http://videosift.com/video/Fafafini-The-third-gender-in-Samoan-culture-2

http://www.outhistory.org/wiki/Third-Gender_Roles_in_Indiana-Area_Native_Americans

http://www.who.int/gender/whatisgender/en/

http://matadornetwork.com/bnt/close-encounters-of-the-third-sex-the-hijras-of-india/

http://www.newstatesman.com/world-affairs/2008/05/hijras-indian-changing-rights

http://www.beta.undp.org/content/undp/en/home/ourwork/hiv-aids/successstories/Nepal_third_gender_census_recognition.html

 

Comments

  1. Great post Carly! I think it’s so important to make the distinction between sex and gender. I was pleasantly surprised to discover that there are other cultures out there that are recognizing the transgender population. Maybe because I come from a western culture I find this more shocking, but it’s good to hear that there are people working towards LGBT issues elsewhere in the world. But is there more of a focus on the male to female transgender population? I noticed you specified in your post that this group was being recognized. Is there still a stigma surrounding the female to male transgender population?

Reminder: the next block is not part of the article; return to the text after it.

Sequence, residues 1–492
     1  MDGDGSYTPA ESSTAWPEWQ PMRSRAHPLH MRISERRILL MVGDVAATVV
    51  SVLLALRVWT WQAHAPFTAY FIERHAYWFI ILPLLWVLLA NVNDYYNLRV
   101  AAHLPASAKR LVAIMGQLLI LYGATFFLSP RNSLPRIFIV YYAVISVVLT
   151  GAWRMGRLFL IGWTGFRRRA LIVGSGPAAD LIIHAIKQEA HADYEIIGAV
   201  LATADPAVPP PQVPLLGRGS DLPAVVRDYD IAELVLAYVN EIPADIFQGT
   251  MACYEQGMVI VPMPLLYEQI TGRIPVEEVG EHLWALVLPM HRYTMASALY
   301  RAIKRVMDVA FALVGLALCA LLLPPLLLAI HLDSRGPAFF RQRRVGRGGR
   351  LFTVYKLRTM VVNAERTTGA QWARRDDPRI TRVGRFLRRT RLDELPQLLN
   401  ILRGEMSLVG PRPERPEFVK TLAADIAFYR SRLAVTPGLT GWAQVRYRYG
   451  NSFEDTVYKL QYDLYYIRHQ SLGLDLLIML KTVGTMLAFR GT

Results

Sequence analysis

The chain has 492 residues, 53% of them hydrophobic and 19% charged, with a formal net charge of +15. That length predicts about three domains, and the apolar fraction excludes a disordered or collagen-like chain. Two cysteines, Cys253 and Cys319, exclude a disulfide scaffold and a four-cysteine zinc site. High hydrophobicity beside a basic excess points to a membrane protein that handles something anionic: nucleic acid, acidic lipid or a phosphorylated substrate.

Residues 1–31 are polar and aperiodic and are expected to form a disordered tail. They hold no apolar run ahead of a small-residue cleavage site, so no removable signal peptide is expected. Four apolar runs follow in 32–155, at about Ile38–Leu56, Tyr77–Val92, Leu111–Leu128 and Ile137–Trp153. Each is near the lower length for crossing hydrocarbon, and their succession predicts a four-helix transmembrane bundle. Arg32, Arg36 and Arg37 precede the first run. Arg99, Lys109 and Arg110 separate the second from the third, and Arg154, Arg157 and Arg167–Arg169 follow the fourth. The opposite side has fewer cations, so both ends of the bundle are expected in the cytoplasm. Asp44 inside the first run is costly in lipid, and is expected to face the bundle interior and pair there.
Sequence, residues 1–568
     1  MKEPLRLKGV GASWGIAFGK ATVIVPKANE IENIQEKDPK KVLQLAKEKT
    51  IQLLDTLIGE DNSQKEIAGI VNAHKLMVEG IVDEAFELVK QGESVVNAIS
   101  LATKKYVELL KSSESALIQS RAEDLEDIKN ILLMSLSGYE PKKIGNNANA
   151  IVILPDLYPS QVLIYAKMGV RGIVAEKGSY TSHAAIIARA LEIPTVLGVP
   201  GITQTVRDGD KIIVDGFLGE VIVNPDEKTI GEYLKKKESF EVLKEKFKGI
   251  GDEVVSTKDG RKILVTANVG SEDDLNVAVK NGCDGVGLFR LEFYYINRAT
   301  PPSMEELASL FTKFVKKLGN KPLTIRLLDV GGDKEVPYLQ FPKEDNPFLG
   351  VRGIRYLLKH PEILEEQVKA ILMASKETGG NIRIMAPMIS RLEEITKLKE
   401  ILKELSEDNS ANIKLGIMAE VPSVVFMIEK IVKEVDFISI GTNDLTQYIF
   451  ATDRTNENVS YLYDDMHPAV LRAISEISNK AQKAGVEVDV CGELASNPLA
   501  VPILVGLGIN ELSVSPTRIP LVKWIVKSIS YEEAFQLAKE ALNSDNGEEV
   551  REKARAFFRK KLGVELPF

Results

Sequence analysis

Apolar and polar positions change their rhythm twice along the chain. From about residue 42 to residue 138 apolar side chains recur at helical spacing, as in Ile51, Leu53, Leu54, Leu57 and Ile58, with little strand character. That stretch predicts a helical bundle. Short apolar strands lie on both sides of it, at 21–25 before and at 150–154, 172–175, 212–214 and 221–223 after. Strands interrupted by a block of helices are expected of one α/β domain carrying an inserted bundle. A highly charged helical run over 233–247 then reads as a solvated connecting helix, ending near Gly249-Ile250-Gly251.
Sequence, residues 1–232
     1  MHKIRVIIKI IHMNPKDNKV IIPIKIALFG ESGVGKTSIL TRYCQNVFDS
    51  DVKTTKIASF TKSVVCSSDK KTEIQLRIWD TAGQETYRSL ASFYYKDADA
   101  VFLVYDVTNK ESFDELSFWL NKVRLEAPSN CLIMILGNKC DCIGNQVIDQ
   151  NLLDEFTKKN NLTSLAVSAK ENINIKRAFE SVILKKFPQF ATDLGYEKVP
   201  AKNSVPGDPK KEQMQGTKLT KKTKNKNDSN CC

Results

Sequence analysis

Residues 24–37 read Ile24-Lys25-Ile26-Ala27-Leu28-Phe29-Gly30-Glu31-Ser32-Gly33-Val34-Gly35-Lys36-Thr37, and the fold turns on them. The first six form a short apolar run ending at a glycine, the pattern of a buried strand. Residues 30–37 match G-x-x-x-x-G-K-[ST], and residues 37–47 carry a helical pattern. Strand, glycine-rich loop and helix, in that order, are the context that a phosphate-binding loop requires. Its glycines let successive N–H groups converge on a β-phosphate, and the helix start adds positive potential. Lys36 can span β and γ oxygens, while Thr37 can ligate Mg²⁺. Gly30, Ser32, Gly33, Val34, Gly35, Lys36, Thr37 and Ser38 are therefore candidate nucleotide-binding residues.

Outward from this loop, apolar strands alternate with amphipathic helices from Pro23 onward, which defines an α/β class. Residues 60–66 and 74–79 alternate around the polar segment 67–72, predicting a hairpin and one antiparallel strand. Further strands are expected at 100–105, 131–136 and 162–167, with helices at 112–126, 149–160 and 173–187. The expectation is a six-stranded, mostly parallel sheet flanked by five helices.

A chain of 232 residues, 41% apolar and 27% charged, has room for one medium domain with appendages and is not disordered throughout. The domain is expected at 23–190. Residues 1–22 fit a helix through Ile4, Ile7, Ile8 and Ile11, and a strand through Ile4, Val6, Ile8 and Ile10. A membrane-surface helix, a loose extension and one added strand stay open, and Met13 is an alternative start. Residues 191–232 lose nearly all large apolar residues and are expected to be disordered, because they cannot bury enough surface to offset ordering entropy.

• Kathmandu observer says:

      Both of the Nepali citizens who have gotten themselves third gender citizenship certificates are FTM.

  2. Kathmandu observer says:

    More on Nepal’s Third Gender below. One note: the government has yet to implement it categorically on any documents; 2 citizens have citizenship ID cards marked Third Gender, and one marked “both.” A case for a third gender passport is currently pending in the Supreme Court. The petitioner holds a TG citizenship ID card but the ministry of foreign affairs claims it can’t honor it.

    http://www.tnr.com/article/world/92076/nepal-census-third-gender-lgbt-sunil-pant

    http://www.worldpolicy.org/blog/2012/02/01/dividing-three-nepal-recognizes-third-gender